He got a chance, and that's usually the most a Rule 5 draft pick can hope for. When the Astros selected Nate Freiman from the San Diego Padres during the second round of the Rule 5 draft over the winter, fans had dreams of a man-beast breaking windows in Minute Maid Park with his monstrous power shots. Alas, it was not to be.
Several factors worked against Freiman from the start, who was released by the Astros on March 23rd and was subsequently claimed off waivers by the Oakland A's. To begin, he was competing with an incumbent at first base, Brett Wallace, who has tenure with the organization, history with the General Manager from when he was drafted by the Cardinals, and has the flexibility to play Third Base as well. The Astros also committed several million dollars to Free Agent 1B Carlos Pena, who (despite the wishes of some fans--not me!) was never in danger of losing his roster spot due to his guaranteed contract. But one's chances never go so low that they can't be made lower with a good shovel, and when the Astros traded for Chris Carter, another hulking 1B with monster power, Freiman's chances at earning a roster spot dimmed to that of a red dwarf next to a supernova.
And that was all before Spring Training.
Freiman had an unexceptional spring, hitting .278/.278/.417 in 36 plate appearances. It's a small sample size, but only a handful of Astros hitters (most of them roster certainties) were given more trips to the plate than he was. Freiman drew a total of zero walks (a feat matched only by Carlos Corporan and Jose Martinez) and was out-homered by ten other players.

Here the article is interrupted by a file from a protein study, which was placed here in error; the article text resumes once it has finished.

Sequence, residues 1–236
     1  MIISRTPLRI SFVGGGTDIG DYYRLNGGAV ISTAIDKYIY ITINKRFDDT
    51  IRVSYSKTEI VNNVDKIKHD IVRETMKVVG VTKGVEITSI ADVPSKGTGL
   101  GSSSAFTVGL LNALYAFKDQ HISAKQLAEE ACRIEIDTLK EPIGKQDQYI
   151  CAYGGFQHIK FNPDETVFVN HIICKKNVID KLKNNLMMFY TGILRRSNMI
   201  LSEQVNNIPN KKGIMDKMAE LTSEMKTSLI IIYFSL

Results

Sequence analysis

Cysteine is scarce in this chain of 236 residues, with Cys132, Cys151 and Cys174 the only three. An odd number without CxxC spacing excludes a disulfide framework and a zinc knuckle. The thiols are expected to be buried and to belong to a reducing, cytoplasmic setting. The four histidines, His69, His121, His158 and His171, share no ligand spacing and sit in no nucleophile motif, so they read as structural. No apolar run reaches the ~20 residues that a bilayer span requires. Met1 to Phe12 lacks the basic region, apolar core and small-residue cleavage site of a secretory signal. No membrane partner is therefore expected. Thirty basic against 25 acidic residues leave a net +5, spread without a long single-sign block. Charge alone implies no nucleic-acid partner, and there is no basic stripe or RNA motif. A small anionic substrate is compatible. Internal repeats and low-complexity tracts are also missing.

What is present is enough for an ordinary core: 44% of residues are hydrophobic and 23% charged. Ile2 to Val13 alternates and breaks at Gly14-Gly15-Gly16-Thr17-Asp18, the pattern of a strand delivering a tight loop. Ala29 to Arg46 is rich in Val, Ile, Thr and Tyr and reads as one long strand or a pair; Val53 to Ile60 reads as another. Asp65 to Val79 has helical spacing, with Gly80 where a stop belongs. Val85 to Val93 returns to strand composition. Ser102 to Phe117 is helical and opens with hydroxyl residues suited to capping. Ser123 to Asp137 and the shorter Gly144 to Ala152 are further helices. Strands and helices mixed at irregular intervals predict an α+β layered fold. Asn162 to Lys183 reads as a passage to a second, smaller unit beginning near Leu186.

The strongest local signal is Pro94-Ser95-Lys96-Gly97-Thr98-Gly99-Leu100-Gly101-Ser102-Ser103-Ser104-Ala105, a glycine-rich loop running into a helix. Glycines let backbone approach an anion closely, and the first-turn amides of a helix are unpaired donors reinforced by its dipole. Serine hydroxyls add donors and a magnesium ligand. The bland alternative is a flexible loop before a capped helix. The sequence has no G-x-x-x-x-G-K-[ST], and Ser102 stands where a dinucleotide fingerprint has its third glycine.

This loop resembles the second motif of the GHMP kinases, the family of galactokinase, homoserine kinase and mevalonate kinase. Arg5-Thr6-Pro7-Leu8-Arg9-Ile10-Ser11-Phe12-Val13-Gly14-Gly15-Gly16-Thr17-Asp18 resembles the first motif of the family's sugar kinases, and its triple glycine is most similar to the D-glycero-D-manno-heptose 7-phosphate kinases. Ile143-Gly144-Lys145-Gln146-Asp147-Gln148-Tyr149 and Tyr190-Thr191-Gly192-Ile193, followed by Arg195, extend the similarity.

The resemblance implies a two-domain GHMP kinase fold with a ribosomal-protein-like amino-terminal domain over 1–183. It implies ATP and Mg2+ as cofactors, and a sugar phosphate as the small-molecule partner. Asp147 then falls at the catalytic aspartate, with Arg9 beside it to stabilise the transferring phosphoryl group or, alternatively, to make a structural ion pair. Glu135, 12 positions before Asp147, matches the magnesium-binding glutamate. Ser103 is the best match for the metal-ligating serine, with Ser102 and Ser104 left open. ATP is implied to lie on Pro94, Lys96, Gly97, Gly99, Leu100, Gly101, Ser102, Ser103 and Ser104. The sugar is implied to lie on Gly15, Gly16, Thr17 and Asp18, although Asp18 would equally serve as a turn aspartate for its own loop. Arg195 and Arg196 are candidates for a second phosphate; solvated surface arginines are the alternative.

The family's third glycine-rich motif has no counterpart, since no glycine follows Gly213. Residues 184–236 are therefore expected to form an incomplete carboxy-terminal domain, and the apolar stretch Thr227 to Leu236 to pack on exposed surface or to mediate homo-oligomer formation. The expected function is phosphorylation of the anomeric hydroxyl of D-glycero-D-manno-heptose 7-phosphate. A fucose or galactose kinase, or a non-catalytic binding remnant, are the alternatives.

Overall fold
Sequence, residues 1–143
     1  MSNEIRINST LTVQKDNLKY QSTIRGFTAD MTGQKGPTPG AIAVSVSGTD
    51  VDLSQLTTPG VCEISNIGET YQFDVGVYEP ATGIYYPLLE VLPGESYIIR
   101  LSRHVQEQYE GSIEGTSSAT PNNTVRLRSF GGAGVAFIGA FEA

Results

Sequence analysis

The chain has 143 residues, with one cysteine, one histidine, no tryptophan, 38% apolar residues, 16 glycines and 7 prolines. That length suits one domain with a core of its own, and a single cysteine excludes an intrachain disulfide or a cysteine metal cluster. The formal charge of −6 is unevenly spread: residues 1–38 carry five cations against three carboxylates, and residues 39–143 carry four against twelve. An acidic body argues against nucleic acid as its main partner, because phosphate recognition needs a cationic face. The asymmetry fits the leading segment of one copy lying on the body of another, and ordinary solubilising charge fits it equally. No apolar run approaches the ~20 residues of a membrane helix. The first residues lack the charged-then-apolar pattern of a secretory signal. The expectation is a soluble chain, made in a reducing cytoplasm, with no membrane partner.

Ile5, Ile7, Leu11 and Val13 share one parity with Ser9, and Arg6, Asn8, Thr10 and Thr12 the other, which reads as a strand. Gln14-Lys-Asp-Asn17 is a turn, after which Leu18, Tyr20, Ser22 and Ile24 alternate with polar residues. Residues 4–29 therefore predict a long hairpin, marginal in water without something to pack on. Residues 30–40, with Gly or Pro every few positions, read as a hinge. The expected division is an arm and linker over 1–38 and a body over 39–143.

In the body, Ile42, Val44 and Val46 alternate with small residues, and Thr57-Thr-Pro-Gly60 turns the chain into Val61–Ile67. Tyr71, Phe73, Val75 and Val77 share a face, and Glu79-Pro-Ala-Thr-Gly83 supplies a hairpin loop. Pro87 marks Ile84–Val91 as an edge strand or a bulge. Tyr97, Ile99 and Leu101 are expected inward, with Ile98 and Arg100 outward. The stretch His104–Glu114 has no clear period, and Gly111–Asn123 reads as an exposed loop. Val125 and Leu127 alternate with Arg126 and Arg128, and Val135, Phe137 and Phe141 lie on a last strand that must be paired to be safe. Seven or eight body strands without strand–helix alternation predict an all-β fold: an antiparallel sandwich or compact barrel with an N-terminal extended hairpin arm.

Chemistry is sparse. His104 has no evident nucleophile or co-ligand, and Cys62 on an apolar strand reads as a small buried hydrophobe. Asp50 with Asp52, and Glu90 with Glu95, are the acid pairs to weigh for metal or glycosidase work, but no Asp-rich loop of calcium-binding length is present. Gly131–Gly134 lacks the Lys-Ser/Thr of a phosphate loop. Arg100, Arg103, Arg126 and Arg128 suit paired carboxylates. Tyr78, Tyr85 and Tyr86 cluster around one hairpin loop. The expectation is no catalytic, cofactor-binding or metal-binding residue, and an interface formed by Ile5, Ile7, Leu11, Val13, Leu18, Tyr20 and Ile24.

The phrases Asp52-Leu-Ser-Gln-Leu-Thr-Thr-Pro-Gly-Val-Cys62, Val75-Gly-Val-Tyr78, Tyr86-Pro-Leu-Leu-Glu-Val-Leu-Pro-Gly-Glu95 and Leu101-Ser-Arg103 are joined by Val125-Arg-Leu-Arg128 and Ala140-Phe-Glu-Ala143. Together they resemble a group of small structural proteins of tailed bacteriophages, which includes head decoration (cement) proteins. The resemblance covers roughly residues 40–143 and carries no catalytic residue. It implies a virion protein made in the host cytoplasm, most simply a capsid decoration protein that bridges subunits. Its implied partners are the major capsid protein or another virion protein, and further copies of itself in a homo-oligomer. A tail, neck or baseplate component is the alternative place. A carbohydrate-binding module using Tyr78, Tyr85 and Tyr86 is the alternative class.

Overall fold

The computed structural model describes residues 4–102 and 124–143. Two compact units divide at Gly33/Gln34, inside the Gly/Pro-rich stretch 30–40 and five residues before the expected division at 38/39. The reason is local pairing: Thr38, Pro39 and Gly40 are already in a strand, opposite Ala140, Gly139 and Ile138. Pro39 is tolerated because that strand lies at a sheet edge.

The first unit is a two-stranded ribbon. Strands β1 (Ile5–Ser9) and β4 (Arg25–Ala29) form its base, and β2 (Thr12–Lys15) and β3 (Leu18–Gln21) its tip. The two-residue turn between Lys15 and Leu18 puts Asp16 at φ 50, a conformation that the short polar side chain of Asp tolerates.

In such a small sample, one should not draw predictive conclusions, but the fact is, Freiman was outplayed by several others who could be considered as surprises: namely, Brandon Laird (.319/.396/.660), Brandon Barnes (.314/.324/.714), and Rick Ankiel (.361/.415/.667) all of whom are also fighting to earn roster spots against long odds. The Astros let it be known from the beginning: This year, spring performance does matter, and players who perform the best will earn space on the club. Freiman's production did not justify holding onto him at a position four players deep.
So, the A's now have the option to hold Freiman on their roster all season or expose him to waivers, where if unclaimed, he will return to the Padres. There's always a chance that irony could rear her ugly face, and Freiman will take over for Chris Carter on the A's and mash, causing regret and hair-pulling among the Astros' faithful. But in truth, the odds against Freiman are still pretty long. At least in Oakland he might be able to succeed where he was unable in Houston.